from Africa in Transition

Update on South Africa’s Leadership Fight

September 13, 2017

ANC Treasurer General Zweli Mkhize (R) and Speaker of Parliament Baleka Mbete during the African National Congress 5th National Policy Conference in South Africa, June 30, 2017. Mkhize hopes to be the compromise candidate in the ANC leadership race. Siphiwe Sibeko/Reuters
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Politics and Government

South Africa’s ruling African National Congress (ANC) chooses a new party leader in December. Jacob Zuma, the discredited incumbent, is no longer regarded as a credible option. Instead of running, he is supporting the candidacy of his former wife, Nkosazana Dlamini-Zuma, herself many times a cabinet minister and most recently the chairwoman of the African Union Commission. Her leading rival is Cyril Ramaphosa, currently the deputy president and seen as a reformer. Up to now a two-horse race, Zweli Mkhize, ANC treasurer general, has now said publicly that he would accept the nomination for party leader from party branches. Meanwhile, President Zuma has announced that Dlamini-Zuma will enter parliament. (Under South Africa’s proportional system of representation if there is party-held seat that becomes vacant, the party leader can fill it—without a by-election.) Rumors are circulating on social media that Zuma is also considering a cabinet reshuffle that would provide a place for Dlamini-Zuma. Both could boost her chances in the party leadership race.

There are political downsides to Dlamini-Zuma and Ramaphosa. The former has proved to be an aloof, ineffective campaigner that belies her ‘populist’ message, and she is hurt by her close ties to the discredited Jacob Zuma. Ramaphosa is associated in the public mind with the police killing of strikers at the Marikana Platinum Mine in 2012. Further, he is the victim of a smear campaign involving alleged sexual indiscretions, though the claims appear to be baseless, and he has also become one of the richest blacks in South Africa, potentially alienating working-class voters. Hence Mkhize is an attractive alternative. He is associated with the “reformist” wing of the party, but has not cut his ties to Zuma. He has few political enemies with the ANC.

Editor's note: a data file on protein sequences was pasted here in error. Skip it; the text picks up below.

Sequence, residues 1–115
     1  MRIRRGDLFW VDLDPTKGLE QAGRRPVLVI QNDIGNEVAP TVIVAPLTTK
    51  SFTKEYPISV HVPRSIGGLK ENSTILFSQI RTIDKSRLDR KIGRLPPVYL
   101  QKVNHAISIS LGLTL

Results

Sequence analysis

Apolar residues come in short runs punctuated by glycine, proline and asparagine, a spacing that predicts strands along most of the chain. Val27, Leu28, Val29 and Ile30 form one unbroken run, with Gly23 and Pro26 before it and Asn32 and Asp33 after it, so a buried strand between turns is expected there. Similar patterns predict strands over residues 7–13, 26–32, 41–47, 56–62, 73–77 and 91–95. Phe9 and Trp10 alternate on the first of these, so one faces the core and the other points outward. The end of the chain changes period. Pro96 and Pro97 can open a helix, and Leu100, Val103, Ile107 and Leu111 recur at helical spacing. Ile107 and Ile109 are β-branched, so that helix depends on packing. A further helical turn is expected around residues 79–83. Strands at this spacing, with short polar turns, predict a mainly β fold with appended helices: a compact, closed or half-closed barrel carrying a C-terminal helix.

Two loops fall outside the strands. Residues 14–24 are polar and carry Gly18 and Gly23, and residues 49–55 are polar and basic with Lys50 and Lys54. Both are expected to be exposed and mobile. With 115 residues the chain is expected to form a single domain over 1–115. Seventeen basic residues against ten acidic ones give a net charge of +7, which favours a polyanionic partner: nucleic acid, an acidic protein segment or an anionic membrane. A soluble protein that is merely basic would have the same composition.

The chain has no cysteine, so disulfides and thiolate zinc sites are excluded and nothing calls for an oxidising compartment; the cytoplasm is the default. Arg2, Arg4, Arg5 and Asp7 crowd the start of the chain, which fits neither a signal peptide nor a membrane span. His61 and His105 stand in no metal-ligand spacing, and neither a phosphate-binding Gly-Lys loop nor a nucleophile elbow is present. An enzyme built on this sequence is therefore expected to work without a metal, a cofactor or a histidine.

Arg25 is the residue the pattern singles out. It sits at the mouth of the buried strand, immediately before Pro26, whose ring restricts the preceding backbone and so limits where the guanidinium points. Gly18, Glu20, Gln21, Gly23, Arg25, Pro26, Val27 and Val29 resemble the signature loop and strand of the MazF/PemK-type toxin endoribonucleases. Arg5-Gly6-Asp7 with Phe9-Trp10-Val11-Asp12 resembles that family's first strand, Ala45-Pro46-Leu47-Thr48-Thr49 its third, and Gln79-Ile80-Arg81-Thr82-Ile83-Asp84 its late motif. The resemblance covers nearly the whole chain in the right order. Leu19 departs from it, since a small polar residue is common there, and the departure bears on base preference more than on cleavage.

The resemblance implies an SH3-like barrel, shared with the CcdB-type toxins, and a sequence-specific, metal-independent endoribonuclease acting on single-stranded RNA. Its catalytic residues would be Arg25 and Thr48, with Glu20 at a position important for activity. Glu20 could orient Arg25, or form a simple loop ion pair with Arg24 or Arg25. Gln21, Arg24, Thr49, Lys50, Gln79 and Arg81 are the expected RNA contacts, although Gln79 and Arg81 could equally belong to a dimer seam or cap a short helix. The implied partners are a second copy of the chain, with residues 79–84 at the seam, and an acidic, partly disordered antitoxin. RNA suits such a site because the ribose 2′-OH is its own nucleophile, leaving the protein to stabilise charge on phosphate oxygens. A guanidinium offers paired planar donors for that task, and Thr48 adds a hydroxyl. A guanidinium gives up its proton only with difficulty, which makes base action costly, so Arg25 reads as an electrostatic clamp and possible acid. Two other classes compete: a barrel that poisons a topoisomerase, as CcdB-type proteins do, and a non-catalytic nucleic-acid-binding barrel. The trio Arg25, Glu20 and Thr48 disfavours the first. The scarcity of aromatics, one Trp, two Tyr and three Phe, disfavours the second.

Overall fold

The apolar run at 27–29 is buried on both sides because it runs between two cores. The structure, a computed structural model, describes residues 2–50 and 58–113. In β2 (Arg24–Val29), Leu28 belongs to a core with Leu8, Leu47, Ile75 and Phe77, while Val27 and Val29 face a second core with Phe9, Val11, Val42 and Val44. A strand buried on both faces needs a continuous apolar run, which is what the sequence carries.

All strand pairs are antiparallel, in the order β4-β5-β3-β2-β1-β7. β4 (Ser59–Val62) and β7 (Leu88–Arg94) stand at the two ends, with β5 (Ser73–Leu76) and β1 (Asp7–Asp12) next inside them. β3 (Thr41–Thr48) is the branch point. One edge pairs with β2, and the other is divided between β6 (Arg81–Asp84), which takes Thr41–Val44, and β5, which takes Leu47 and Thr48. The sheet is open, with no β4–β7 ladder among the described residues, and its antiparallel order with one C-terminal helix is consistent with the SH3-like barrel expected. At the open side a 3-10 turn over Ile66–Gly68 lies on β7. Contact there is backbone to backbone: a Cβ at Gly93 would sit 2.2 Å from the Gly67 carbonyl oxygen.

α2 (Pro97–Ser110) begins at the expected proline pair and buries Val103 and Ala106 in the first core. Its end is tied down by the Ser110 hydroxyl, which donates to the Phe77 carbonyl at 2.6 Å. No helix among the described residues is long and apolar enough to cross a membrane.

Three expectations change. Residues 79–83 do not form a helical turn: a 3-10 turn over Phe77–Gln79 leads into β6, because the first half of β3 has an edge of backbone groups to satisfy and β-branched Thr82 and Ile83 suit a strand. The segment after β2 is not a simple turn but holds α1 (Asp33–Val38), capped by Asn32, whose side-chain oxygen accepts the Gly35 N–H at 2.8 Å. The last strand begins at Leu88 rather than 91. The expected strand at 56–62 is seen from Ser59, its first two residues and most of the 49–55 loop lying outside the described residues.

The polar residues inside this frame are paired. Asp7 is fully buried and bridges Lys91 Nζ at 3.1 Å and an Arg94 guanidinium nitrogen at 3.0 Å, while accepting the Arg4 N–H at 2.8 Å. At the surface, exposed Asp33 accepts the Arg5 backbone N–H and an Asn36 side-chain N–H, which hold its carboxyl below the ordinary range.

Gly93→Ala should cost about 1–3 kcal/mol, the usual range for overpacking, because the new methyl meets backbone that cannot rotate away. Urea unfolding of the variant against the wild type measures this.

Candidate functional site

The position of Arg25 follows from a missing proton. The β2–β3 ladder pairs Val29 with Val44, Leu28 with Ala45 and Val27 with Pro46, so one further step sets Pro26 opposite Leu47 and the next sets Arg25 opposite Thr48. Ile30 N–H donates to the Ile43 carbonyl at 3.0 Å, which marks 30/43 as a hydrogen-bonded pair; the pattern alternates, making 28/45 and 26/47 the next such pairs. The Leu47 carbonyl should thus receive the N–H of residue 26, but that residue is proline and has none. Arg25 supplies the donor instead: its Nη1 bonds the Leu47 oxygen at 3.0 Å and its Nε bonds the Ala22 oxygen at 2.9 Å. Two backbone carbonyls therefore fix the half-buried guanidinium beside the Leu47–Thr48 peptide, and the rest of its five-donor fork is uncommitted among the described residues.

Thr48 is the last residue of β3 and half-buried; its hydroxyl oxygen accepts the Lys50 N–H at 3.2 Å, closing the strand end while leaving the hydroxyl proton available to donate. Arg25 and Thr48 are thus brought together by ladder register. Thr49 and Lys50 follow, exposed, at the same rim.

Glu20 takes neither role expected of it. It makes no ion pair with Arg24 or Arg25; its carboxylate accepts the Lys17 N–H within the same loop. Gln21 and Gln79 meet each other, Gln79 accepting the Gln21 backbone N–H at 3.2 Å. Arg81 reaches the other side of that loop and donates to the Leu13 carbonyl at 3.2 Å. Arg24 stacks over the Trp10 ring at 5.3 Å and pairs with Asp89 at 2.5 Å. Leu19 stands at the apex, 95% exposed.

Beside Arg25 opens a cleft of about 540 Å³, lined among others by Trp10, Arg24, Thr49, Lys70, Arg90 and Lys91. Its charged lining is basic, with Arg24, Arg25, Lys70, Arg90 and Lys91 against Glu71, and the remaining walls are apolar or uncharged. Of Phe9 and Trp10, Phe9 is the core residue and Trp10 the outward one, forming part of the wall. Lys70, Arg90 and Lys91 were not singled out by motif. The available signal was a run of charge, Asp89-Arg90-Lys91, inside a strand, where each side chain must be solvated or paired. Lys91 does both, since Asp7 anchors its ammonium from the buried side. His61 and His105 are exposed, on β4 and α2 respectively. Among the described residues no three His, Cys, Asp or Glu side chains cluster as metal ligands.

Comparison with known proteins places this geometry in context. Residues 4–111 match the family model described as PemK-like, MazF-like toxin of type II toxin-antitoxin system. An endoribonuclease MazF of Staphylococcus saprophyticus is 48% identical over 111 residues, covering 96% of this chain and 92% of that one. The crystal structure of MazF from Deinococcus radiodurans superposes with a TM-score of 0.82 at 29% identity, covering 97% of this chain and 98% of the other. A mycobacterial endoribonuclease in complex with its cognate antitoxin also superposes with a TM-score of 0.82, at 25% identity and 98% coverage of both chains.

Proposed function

Though Zuma may be out as party leader in December, he remains president until 2019, unless he resigns. That is what Thabo Mbeki did when he was defeated for the party leadership in 2008. Within the ANC, the assumption has been that the party leader and the president are the same person and that a defeated party leader resigns the presidency. Hence, the Mbeki resignation. But Zuma’s resignation is not required by law. Nevertheless, if Dlamini-Zuma wins in December, the chances are good that Zuma will resign the presidency, clearing the way for her presidential candidacy on the ANC ticket in 2019. But if Ramaphosa or Mkhize win, Zuma might try to hang on to the presidency until his term formally expires.

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